At the new test, the E-cat was first run for 90 minutes assisted with a thermal electric power input of 2.6 kilowatts. The electric power was then cut off and the E-cat continued to operate for 35 minutes without external energy input.
The test was subsequently terminated at our request, for practical reasons and time constraints. It would otherwise have continued, and according to Rossi the electrical resistance would then have been switched in at full power for ten minutes after each time interval of 30 minutes with self-sustained operation.
During the test a new model of the E-cat was used, the one that has been implemented in the one-megawatt plant that according to Rossi will be launched in the U.S. in October.
Ny Teknik’s pictures of the plant, which is almost completed and is now being shipped to the United States, can be found here.
The new model was significantly larger and heavier than the previous ones. It measured about 50 x 60 x 30 centimeters and weighed about 80 kg when empty of water. Consequently it is not as easy as before to rule out alternative sources of energy inside the E-cat, especially from a relatively short test as the one we undertook.
The new test was performed at Ny Teknik's initiative. One of the motives was the discussion that has been going on during the summer regarding energy calculations for the E-cat, including the issues with steam quality.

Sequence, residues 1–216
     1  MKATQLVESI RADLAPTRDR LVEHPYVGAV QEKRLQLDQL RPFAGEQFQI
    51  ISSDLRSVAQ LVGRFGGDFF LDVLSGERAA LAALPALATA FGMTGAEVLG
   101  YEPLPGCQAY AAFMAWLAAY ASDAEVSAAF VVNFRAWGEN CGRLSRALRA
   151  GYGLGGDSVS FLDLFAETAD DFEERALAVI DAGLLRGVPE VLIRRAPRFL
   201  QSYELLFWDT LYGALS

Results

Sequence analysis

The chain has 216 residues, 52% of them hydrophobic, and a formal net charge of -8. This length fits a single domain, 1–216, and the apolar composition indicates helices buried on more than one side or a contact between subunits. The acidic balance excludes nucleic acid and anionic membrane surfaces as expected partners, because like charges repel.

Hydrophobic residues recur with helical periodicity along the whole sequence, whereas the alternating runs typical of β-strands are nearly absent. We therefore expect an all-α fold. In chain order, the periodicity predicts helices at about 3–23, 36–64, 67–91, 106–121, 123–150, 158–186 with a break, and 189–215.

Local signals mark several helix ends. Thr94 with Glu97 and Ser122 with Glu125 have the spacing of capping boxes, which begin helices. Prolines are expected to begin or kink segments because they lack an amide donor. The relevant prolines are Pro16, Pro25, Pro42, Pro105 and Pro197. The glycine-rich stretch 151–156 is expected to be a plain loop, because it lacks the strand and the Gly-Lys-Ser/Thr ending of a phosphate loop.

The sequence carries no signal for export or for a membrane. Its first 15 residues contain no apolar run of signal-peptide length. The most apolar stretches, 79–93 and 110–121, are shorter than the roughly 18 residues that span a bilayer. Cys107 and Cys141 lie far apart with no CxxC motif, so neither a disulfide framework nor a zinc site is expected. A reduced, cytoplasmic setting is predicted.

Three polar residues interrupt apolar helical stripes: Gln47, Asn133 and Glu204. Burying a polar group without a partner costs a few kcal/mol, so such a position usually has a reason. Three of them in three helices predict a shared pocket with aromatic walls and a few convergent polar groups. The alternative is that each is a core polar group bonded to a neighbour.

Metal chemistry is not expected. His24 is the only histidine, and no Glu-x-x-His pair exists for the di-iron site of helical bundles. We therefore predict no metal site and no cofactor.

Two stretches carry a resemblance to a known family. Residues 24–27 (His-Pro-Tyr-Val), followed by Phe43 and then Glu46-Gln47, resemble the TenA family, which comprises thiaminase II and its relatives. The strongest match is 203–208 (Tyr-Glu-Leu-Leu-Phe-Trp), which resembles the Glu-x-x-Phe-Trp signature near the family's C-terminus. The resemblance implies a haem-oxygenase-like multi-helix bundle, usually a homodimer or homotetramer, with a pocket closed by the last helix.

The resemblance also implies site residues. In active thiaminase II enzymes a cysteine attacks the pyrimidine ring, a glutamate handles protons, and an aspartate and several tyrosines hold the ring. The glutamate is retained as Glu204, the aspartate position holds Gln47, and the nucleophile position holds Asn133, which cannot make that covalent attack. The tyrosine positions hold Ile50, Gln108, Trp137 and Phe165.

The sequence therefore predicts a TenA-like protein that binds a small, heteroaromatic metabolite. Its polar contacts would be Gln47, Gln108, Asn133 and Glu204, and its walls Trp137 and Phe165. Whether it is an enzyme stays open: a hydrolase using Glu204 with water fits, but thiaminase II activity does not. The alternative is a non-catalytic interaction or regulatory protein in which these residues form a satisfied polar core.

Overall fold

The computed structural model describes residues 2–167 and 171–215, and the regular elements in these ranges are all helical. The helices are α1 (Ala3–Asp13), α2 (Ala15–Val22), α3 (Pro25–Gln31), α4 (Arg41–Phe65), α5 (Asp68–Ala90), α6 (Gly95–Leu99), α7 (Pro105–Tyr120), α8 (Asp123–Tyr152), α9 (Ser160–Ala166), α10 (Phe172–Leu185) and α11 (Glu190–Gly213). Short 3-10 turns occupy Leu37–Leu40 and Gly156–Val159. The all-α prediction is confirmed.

As in previous tests, water was pumped into the E-cat during operation, and evaporated into steam. No measurements of steam quality were made but we found that:
- The temperature inside the E-cat, which we assume is the steam temperature, reached over 130 degrees, while the pressure was probably about one atmosphere.
- The steam was invisible at the outlet indicating high steam quality.
- Directly at the outlet we observed water flow corresponding to about half of the input water flow. This water may have been condensed steam, but we considered it to be non-evaporated water.
The energy calculation of the test was not entirely obvious. See our detailed report here.
In a kind of worst-case scenario, one could conclude that the developed power output in self-sustained mode was at least of the order of 3.5 kilowatts. At most, it may have been close to eight kilowatts.
Ny Teknik's conclusions disclose no hard scientific evidence, but should be viewed as a summary of our preliminary observations.
Rossi claims that the new model can deliver up to 27 kilowatts, but that he has lowered its output deliberately, to run it in self-sustained mode while maintaining stability and security.
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Note: In the video above, at 6:05 minutes, I say that the time is 22:10, which is wrong. Correct time should be 23:10 (see the detailed report).
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READ MORE: Our complete coverage on Rossi's E-cat can be found here.
The 'energy catalyzer' is loaded with nickel powder and a number of secret catalysts and is pressurized with hydrogen gas. Excess heat is possibly produced via an unknown nuclear reaction, involving nickel and hydrogen.